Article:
6. #5
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    Default Re: Peanuts

    Good Morning. Yes Goldie stated that there process is well above the standard of making peanuts safe for feed. In the first article I posted it is part of a study done on peanuts, it states that peanuts should be roasted at 300 degrees for twenty to 30 minutes to remove or kill the Trypsin Inhibitor. Trypsin is the culprit in peanuts that stops the pancreas from producing protein that is essential to the calcium needed in squirrels, otherwise resulting in MBD from the lack of calcium if feed in large quantities. she (Goldie) also stated that they have a very rigorous quality control in there peanut process, not only do they destroy the Trypsin, but also any toxins, salmonella ect;

    She could not give me the exact info I requested about roasting temp or times, I was told it is a company secret, and I understand that.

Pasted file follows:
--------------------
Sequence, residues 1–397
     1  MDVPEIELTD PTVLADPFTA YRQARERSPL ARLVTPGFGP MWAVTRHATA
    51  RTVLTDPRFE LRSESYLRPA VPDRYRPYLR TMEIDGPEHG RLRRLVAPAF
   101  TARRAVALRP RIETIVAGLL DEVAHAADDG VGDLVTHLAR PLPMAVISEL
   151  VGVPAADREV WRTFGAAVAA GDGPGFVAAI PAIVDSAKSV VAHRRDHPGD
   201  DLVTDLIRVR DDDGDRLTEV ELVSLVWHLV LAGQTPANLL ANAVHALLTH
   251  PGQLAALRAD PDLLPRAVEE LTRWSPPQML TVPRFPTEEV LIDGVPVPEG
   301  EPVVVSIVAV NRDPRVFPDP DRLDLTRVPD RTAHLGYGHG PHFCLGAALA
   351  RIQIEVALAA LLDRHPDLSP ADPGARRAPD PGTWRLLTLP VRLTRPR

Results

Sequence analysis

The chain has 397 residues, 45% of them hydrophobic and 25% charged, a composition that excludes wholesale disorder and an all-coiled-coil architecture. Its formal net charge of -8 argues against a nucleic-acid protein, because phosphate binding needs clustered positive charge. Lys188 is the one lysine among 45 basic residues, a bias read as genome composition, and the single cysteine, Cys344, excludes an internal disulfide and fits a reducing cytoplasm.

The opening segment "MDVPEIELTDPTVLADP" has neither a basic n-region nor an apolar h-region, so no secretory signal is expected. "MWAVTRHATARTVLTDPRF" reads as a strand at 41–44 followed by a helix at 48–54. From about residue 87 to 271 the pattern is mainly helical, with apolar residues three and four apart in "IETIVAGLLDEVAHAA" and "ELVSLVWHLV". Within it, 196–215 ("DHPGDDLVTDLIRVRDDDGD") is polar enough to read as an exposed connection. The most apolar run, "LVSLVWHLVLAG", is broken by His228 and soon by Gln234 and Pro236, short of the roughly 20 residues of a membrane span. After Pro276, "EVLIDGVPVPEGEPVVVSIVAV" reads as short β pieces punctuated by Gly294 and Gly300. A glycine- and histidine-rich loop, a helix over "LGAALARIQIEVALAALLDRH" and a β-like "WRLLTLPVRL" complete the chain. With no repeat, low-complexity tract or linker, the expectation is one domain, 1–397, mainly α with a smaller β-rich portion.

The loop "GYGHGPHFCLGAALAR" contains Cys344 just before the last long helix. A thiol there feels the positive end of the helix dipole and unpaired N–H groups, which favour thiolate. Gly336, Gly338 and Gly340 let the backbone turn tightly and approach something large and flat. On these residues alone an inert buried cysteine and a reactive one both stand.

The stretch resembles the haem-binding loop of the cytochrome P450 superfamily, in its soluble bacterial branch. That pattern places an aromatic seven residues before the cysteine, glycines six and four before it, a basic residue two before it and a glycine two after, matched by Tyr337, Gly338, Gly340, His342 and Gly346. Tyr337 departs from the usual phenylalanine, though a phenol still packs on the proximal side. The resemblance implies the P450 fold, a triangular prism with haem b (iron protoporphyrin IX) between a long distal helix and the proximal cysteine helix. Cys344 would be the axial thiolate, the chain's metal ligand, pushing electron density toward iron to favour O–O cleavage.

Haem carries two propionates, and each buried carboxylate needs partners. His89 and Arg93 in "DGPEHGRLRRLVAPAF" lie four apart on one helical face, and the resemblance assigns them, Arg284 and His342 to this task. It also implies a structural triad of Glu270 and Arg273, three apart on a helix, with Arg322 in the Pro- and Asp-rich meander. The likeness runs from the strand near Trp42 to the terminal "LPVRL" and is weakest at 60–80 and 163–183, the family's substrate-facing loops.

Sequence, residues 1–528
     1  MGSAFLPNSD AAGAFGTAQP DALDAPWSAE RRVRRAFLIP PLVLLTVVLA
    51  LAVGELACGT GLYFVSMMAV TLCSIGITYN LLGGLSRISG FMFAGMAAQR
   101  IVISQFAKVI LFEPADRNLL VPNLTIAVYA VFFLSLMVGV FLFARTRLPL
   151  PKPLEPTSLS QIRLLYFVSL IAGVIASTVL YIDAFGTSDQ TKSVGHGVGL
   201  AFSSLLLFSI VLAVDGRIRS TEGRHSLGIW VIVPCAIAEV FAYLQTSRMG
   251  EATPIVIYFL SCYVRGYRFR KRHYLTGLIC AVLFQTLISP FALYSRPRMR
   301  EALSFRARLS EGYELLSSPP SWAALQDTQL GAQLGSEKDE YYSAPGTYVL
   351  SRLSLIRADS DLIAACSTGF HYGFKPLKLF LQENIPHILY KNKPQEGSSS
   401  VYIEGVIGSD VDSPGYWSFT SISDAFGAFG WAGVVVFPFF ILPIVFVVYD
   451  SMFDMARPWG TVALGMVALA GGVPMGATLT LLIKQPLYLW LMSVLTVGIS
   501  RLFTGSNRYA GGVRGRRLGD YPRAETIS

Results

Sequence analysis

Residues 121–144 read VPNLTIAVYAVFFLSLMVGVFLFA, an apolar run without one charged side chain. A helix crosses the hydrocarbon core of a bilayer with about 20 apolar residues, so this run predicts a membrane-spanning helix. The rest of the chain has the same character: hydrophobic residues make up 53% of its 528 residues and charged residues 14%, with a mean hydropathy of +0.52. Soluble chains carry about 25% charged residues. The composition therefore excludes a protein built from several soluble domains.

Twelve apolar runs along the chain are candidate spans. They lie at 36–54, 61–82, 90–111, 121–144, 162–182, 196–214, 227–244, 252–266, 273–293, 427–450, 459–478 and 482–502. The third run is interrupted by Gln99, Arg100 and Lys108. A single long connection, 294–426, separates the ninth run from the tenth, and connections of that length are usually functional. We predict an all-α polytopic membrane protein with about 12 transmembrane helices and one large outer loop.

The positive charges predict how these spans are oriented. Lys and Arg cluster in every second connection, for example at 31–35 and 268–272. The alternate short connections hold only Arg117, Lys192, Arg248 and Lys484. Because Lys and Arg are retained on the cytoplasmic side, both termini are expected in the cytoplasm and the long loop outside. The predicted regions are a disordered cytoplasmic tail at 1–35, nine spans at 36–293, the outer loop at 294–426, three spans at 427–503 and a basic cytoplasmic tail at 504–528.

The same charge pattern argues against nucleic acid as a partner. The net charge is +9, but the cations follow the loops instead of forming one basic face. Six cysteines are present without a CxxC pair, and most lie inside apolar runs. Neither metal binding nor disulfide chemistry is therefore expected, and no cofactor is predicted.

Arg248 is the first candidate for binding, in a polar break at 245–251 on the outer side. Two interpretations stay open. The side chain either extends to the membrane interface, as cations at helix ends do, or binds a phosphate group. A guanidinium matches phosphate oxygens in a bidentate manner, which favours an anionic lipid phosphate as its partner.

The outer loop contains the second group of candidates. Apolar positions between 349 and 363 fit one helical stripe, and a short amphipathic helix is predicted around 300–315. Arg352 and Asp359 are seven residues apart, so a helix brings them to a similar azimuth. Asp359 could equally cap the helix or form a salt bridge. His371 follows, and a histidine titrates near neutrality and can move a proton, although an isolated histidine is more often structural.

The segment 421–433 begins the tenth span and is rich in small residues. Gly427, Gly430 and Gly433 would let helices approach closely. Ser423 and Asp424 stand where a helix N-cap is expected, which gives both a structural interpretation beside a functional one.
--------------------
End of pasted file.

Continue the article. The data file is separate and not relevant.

But she said it far exceeds the the 300 degrees and time of 20 to 30 minutes. The study article also said that the 300 degrees, roasting for 20 to 30 minutes made peanuts safe as feed. There peanuts brand is Hampton Farms made in NC. As we all know peanuts have no nutritional value whats so ever, it is a candy to squirrels, But I was concerned about giving my back yard babies anything that might hurt them so I decided to investigate and this is what I came up with. Goldie was very thankful, for the information and wanted more reference so I forward it to her and she was very excited to be able to say they exceed the studies recommendation for safe peanuts. I myself feel much better giving my backyard friends a few peanuts now. I hope this helped.

    Note: The peanuts in question here are shelled peanuts, no salt, I guess you could say dry roasted.
    Last edited by frankc; 11-25-2019 at 09:31 AM. Reason: To add a note
    If you Were Lucky Enough To Have Loved and Taken Care Of A Squirrel Then
    You Showed Him Or Her More Love Than They Would Have Ever Known In The Wild
    __________________________________________________ ______________________
    Member Of WRAM

  7. Serious fuzzy thank you's to frankc from:

    Timberbeast (11-25-2019)